As a graduate student, Jeff Plumblee had an idea to combine his passion for engineering with his desire to serve others. Drawing inspiration from programs like Engineers Without Borders, Plumblee created what is now the Clemson Engineers in Developing Countries Program (CEDC). He and his team of 5 students went to serve the people of Haiti in a practical way for the first time in 2010, just nine months before the earthquake occurred. While that trip was far from perfect — including weathering a storm in a dugout canoe patched with concrete and landing near a one room bamboo schoolhouse — it laid the foundation for many trips to Haiti to come.
Dr. Plumblee now serves as the Founding Director for the program. The mission of CEDC is to assist in the development of practical and viable solutions improving the quality of life for the local communities in Haiti. In just seven years, the program has grown immensely, involving anywhere between 60 and 80 Clemson undergraduate and graduate students from a variety of majors and disciplinary areas. Each semester, students have the opportunity to spend time here or in Haiti, working on projects involving water systems, economic development, and other infrastructure projects. CEDC also offers year-long programs for interns to live in Haiti, where they oversee projects and build community relationships with the citizens of Haiti and others living there.
The mission of CEDC is to assist in the development of practical and viable solutions improving the quality of life for the local communities in Haiti.
Senior Guy Higdon spent six months in Haiti as part of the CEDC internship program, assisting local communities in improving water systems. The first three months of his internship were spent planning and learning the language of the locals and the last three were spent implementing those plans in order to help locals with various engineering projects. These internships aren’t spent going on coffee runs or making copies, but rather allow students to practically implement the technical skills they are learning in the Clemson classroom. One of Higdon’s favorite memories from last semester involved him and twenty Haitians hauling a 1500 pound concrete mixer down 500 stairs using planks and wheels to move it up and down.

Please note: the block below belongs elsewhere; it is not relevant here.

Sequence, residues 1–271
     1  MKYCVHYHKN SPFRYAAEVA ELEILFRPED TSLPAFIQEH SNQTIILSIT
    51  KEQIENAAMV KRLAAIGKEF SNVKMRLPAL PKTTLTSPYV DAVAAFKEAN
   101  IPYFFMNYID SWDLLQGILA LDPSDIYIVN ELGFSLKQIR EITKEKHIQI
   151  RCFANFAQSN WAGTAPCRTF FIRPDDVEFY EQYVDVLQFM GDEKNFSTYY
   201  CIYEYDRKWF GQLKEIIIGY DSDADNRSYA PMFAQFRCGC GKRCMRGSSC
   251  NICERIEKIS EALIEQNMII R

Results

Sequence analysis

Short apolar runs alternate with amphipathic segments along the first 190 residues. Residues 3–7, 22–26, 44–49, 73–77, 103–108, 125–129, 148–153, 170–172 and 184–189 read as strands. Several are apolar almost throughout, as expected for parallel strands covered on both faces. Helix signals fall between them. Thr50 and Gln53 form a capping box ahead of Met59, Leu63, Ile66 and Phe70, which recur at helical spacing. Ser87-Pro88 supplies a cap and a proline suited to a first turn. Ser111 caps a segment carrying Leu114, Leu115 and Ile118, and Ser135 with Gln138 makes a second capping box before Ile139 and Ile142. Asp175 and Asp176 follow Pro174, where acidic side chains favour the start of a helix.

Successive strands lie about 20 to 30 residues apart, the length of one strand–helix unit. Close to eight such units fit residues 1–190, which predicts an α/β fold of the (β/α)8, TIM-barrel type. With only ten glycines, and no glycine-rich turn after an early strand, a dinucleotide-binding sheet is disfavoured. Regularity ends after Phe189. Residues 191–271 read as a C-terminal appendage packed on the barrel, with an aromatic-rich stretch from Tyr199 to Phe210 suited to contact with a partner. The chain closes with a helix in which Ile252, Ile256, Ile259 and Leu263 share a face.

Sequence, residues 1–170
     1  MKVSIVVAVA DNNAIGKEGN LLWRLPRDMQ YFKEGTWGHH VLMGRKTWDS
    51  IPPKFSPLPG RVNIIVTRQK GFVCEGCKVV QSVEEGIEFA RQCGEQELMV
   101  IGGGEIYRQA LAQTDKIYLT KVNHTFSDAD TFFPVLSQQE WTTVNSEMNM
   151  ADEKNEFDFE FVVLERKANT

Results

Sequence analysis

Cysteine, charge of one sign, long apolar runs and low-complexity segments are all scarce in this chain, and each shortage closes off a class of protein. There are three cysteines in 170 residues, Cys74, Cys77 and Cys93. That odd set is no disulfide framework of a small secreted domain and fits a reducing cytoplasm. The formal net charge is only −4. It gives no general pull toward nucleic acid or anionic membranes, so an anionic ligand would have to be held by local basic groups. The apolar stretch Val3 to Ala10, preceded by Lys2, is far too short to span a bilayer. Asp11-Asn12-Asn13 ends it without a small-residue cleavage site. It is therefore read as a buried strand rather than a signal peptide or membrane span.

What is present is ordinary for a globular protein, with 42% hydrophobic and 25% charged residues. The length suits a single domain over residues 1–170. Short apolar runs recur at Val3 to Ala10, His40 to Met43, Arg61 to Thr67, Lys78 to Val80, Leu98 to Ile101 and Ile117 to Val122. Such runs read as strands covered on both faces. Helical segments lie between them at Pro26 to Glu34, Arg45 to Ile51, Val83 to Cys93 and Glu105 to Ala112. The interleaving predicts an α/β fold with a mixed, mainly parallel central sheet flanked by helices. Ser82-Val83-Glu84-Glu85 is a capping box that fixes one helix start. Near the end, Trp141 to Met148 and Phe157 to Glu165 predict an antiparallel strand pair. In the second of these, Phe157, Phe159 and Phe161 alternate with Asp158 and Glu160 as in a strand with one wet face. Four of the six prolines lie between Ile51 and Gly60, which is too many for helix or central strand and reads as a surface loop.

This is a permanently affixed plaque into the dam that we built with our first water project in Cange, Haiti. Our logo has evolved since then, but it was the 2nd from the right, and even though I imagine you aren’t fluent in Kreyol, it basically says thanks to the Diocese of Upper South Carolina and the group of engineers from Clemson University.
These are a few of our students with the workers of a local concrete block manufacturing plant. CEDC students worked with the plant to increase the quality of the block they produced to meet international standards.
This is 4 of our students out in a rural village talking with a family at their home.
This is a group picture from our first group trip in June 2009. The sign says “Welcome to Cange” in Kreyol.
As a freshman, current CEDC program director and student Aaron Gordon saw a flyer in his residence hall advertising CEDC. Since then, he has participated in four trips to Haiti, one of which was a semester-long internship. While many memories from each of his projects are meaningful to him, he recounts fondly a project from last fall break where, when working on a wind power project, the locals working alongside him were proud of his strength and said that he was “Haitian.” Proud of his adoption as a native Haitian, Aaron hopes to continue with the service mindset that CEDC has helped him to develop as he navigates the professional world after graduation.
While many memories from each of his projects are meaningful to him, he recounts fondly a project from last fall break where, when working on a wind power project, the locals working alongside him were proud of his strength and said that he was “Haitian.”
Clemson gives students the tools and resources necessary to be successful, and the CEDC program encourages experimentation with faculty direction, whether that be in Clemson or in Haiti. As CEDC has grown, faculty advisors have developed a few “spin-off” programs in Clemson such as providing internet assistance and social media literacy for the senior residents of Clemson Downs and also expanding to other parts of the Caribbean for improved water resources and community sustainability.
Trips to Haiti are just the tip of the iceberg. As CEDC continues to grow, it is paving the way for service -learning initiatives to expand into other areas both nationally and globally. .
Interested in learning more about an intern’s experience? Check out Aaron’s blog here.
For more information about CEDC, visit their website.
Written By: Claire Chaney
Claire Chaney is an English major and Communications minor here at Clemson University. All the way from San Jose, California. In her free time, she loves listening to music and is a contributing writer for music blogs When the Gramophone Rings and Half & Half. In addition to her internship with the Pearce Center for Professional Communication, Claire is involved with the Fellowship of Christian Athletes on-campus. After she graduates, she is hoping to pursue a career in publishing, wherever that may lead her.